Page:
Re: [tied] Re: *gwistis

From: alexmoeller@...
Message: 15589
Date: 2002-09-19

----- Original Message -----
From: "Piotr Gasiorowski" <piotr.gasiorowski@...>
To: <>
Sent: Thursday, September 19, 2002 12:45 AM
Subject: Re: [tied] Re: *gwistis

> ----- Original Message -----
> From: alexmoeller@...
> To:
> Sent: Wednesday, September 18, 2002 11:01 PM
> Subject: Re: [tied] Re: *gwistis
> > [Moeller] ah! so the romanian come from digitus and
albanian from *kvistr and so we have a explanation . this is
one of the "cognates" which was to find here on the list in
the last time ( see habere versus haben)
> Yeah, only a less impressive one: <de$t> and <gisht> are not
that awfully similar, after all.
> > I am sure you did not lost my example with de$t versus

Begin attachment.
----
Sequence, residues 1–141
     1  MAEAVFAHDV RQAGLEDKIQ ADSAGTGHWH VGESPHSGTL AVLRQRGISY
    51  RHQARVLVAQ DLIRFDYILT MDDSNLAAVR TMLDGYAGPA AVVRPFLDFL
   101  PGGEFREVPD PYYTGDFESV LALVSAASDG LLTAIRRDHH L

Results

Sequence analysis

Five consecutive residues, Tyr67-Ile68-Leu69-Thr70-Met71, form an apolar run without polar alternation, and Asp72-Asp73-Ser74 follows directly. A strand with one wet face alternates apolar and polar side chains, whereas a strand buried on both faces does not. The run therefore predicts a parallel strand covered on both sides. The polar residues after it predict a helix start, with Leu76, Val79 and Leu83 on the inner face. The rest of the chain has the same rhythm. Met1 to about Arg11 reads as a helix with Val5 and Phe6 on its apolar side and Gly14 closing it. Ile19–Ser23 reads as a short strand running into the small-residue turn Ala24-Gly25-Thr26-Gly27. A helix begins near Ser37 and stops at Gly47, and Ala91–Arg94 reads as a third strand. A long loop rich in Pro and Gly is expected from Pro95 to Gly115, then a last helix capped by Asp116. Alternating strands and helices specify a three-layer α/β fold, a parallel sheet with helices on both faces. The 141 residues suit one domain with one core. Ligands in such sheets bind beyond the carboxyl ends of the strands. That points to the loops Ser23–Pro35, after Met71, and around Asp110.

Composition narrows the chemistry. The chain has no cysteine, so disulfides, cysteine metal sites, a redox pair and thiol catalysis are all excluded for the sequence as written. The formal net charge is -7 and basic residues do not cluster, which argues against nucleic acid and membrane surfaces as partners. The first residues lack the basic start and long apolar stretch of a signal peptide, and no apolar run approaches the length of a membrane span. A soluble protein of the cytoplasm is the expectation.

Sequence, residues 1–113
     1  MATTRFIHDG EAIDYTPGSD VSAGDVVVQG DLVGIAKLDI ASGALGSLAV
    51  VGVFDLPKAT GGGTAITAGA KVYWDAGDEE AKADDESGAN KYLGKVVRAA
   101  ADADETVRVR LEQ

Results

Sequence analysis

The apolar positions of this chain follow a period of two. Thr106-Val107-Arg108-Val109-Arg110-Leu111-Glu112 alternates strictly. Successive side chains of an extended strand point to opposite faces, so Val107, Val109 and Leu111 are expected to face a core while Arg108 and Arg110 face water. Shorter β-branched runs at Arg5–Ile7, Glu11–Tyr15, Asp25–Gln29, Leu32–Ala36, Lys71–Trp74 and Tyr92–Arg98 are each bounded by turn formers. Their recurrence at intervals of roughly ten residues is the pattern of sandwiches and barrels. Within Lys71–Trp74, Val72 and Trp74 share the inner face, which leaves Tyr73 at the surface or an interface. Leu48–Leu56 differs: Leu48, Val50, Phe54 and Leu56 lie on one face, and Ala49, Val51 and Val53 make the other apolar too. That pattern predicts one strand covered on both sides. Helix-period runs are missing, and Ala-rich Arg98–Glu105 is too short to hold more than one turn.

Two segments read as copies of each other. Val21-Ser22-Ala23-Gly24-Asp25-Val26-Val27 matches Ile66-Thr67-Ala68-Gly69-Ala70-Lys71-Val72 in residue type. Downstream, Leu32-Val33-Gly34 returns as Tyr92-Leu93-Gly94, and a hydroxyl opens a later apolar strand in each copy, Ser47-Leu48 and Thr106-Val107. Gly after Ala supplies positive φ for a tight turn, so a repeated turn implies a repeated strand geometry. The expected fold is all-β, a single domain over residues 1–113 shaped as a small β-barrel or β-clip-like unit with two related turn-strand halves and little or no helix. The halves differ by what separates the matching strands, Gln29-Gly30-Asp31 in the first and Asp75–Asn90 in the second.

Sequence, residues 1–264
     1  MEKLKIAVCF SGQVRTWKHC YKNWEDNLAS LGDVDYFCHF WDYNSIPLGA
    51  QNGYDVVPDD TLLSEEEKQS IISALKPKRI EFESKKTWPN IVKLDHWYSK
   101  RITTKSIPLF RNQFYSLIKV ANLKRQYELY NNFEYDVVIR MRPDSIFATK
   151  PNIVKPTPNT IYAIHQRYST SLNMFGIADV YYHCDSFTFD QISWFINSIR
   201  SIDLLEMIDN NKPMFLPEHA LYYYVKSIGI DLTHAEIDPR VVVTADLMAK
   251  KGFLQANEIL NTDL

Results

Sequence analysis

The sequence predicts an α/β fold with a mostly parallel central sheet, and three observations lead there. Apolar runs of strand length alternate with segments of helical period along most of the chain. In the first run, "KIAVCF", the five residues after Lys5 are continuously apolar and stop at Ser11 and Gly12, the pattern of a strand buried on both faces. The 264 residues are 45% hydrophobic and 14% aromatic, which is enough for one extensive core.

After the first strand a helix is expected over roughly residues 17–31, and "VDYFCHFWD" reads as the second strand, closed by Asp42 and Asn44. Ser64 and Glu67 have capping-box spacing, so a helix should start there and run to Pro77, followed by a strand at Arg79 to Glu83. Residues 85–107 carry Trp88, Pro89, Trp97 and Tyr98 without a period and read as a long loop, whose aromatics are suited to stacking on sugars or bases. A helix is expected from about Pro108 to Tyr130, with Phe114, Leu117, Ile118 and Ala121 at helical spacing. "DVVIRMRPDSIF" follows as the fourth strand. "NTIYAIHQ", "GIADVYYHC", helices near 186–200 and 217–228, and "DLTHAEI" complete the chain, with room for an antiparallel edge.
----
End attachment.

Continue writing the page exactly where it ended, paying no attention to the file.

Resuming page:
de$tept and I should like to see some another example from
latin there where in romanian igi/ege falloved by "s" created
an "$" in romanian.
> Why "s"? It's followed by "t" in this case. It's been
pointed out to you that the complete chain of transitional
forms is attested: deget > dejet > dej't > de$t. All sorts of
assimilatory changes originating in casual speech may become
lexicalised and needn't be regular as long as they're natural
(and if -Zt- > -St- isn't natural, I don't know what is). In
the same way, English /-z/ (in <news>) has become /-s/ in the
RP pronunciation of <newspaper>, even in slow and careful
speech -- irregularly, but absolutely understandably. If you
choose to remain unconvinced, it's your problem.
> Piotr
[Moeller] aham.. latin ege went somehow -eje in romanian."a
InTelege "= to understand = lat. intelligere will be never
spoked InTeleje, but this is hard to understand:-)